Wireless deployments that consist of more than one Access Point (AP) broadcasting a wireless network will likely include roaming clients. Since clients can only be associated to one AP at a time, roaming from AP to AP must be quick in order for the user to have a seamless experience. There are a number of technologies that can be employed in order for roaming to be transparent to the end user.
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Why does roaming occur?
A wireless client will decide to roam when it detects a better signal from a new AP than the one it is currently associated with. This behavior is normal, especially for mobile devices such as laptops, tablets, and mobile phones.
Challenges with Roaming
When a client roams to a new AP it needs to establish an association/authentication relationship with that AP. In situations where the APs are acting independently of each other, this whole process must occur each time the client moves to a new AP. Without the inclusion of advanced roaming technologies discussed in this article, the client may experience delays when roaming from AP to AP. This results in a service affecting issues like voice drops on VoIP calls and video stuttering on real-time video streams.
Each AP keeps track of all its connected wireless clients. This includes the client's network access information such as VLAN and group policy (either from Dashboard or RADIUS). During a roam, this information is shared with other APs in the network so the client can maintain their level of access.
Client tracking information is shared with Access Points via broadcast messages, so ensure that port isolation and private VLAN features are not enabled upstream in a configuration that can block broadcasts between APs.
PMKsa caching is enabled by default on all Meraki Access Points and is leveraged when using a secure SSID (WPA2-PSK & WPA2-Enterprise). PMKsa caching is also known as "fast roam back" by some vendors. This technology is used when a client device reconnects to an AP it previously had a key exchange with during association. The Session-Timeout value in RADIUS may set a custom session expiration length which would expire the keys after a certain amount of time.
OKC is enabled by default on all Meraki Access Points and is leveraged when using a secure SSID (WPA2-PSK & WPA2-Enterprise). OKC stands for Opportunistic Key Caching and is a non-standard fast roaming technology supported by Microsoft Windows clients and some Android devices. The Meraki OKC process utilizes key information from the client's first association to generate keys for other APs in the network.
802.11r is disabled by default on all Meraki Access Points. 802.11r is a standards-based fast roaming technology, supported by Apple iOS devices and some Android devices, that is leveraged when using a secure SSID (WPA2-PSK & WPA2-Enterprise).
Please refer to our documentation for more information regarding 802.11r.
While many customers enable 802.11r within their network without issue, some legacy devices may not connect to an 802.11r network. 802.11r is a recommended feature due to its many benefits, however a device audit is encouraged first to ensure that mission critical devices are not affected.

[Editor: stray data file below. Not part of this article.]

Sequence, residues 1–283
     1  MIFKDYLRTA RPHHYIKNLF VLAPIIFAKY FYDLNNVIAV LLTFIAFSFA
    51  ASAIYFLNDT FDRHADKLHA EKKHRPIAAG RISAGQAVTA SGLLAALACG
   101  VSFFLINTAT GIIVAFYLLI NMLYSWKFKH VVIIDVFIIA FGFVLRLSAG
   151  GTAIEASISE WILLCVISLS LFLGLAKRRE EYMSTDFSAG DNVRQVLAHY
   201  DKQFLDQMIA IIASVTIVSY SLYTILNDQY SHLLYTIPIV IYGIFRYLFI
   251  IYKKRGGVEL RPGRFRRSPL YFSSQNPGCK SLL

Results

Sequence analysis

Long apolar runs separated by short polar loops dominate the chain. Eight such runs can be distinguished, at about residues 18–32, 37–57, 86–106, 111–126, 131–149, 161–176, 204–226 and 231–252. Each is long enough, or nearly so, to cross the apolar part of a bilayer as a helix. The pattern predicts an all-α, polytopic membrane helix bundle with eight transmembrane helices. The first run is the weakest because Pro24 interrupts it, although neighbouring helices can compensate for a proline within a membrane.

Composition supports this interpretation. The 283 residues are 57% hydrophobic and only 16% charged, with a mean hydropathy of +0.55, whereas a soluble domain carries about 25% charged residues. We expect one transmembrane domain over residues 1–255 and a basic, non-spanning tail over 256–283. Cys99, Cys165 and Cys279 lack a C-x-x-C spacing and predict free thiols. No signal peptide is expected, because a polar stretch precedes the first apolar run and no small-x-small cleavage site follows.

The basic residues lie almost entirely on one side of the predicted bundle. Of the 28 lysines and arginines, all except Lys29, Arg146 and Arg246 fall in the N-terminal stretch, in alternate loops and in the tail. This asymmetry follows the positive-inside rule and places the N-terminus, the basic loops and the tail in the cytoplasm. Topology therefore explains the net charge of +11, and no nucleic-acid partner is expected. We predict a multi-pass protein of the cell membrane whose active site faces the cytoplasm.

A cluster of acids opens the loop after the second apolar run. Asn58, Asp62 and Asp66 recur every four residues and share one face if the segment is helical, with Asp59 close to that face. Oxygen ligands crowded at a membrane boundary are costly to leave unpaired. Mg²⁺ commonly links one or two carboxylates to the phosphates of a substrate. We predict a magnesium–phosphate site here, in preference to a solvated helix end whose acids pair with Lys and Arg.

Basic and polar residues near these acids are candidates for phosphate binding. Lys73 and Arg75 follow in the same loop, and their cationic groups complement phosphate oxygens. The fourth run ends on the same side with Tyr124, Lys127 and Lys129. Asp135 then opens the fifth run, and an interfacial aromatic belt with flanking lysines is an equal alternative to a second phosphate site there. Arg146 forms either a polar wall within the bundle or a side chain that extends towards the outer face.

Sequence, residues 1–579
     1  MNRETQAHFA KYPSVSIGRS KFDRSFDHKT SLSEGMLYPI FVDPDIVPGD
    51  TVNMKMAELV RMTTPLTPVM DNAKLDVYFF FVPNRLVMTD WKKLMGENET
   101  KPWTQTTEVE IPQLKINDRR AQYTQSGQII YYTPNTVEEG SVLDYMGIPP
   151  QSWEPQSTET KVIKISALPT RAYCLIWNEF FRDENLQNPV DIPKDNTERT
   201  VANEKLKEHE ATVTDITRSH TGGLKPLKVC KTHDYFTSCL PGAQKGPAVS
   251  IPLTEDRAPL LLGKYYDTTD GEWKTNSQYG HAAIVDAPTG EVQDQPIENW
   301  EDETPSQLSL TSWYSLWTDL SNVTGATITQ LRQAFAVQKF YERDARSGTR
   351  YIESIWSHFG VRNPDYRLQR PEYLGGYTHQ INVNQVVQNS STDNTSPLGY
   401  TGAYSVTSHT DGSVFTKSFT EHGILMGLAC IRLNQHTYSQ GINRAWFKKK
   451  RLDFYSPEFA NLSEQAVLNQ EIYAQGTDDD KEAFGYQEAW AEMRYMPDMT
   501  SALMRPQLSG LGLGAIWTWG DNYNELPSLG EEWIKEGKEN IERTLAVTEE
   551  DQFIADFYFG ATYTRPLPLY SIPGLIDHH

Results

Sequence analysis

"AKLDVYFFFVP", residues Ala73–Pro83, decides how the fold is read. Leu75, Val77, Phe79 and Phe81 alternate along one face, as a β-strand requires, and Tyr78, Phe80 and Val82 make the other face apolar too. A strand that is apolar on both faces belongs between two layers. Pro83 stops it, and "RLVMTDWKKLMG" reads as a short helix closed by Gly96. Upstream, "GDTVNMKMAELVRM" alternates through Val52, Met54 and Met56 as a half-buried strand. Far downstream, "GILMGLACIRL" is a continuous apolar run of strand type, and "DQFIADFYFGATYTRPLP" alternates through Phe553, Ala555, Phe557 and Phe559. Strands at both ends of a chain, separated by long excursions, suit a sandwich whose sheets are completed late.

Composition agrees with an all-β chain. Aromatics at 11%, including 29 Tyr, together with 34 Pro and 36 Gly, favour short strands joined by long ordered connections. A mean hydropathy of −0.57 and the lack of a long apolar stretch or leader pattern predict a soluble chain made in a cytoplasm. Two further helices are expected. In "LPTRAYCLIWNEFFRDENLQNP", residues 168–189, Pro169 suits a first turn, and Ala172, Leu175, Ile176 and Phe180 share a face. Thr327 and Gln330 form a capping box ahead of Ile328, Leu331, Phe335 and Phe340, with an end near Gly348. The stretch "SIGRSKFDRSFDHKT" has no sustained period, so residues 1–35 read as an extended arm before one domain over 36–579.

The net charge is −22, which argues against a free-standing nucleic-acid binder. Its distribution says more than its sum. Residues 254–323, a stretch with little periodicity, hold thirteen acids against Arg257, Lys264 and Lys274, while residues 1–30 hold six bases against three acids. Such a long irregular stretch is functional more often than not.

Fast Transition (FT) 802.11r roaming is not supported between Meraki WiFi 6 models and any other MR Access Points (APs) running version 25.x or lower. If you have a mixed deployment with WiFi 6 models and any other model of Meraki APs and 802.11r is either set as enabled or adaptive on any of the SSIDs configuration ensure all your APs are running version 26.4 or higher.
Configuring 802.11r in Dashboard
This feature can be enabled from the Configure > Access control page under Network access > 802.11r. If this option does not appear, a firmware update may be required. 802.11r is also not available while using NAT mode or Layer 3 roaming.
Adaptive 802.11r is currently available in MR25.9+ firmware. Please update your firmware to MR25.9 or higher to enable this feature.
Cisco + Apple have co-developed an adaptive roaming technology for iOS devices to improve real-time application experience on enterprise networks. Adaptive 802.11r enables fast roaming for iOS devices detected by the Meraki Access Points while minimizing the possibility of incompatibility issues seen with full 802.11r enabled.
Select "Adaptive" from within the 802.11r dropdown on the Wireless > Access Control page to enable this feature.
The 802.11e standard includes a method that allows an AP to advertise its load to wireless clients. Specifically, the QBSS element is used to advertise load via beacons.
Meraki APs will use the QBSS element to report the current channel utilization and the number of stations associated to the wireless access point. Some clients use this information in order to make roaming decisions.
Please read our documentation on Client Balancing for more information.
802.11v BSS Transition Management (BSS-TM) builds on 802.11k and 802.11e by advertising the client of the best AP to roam to, as determined by load. Meraki APs have 802.11v BSS-TM enabled by default from MR 29.1+, allowing devices that support the standard to query the AP for a list of recommended APs based on load.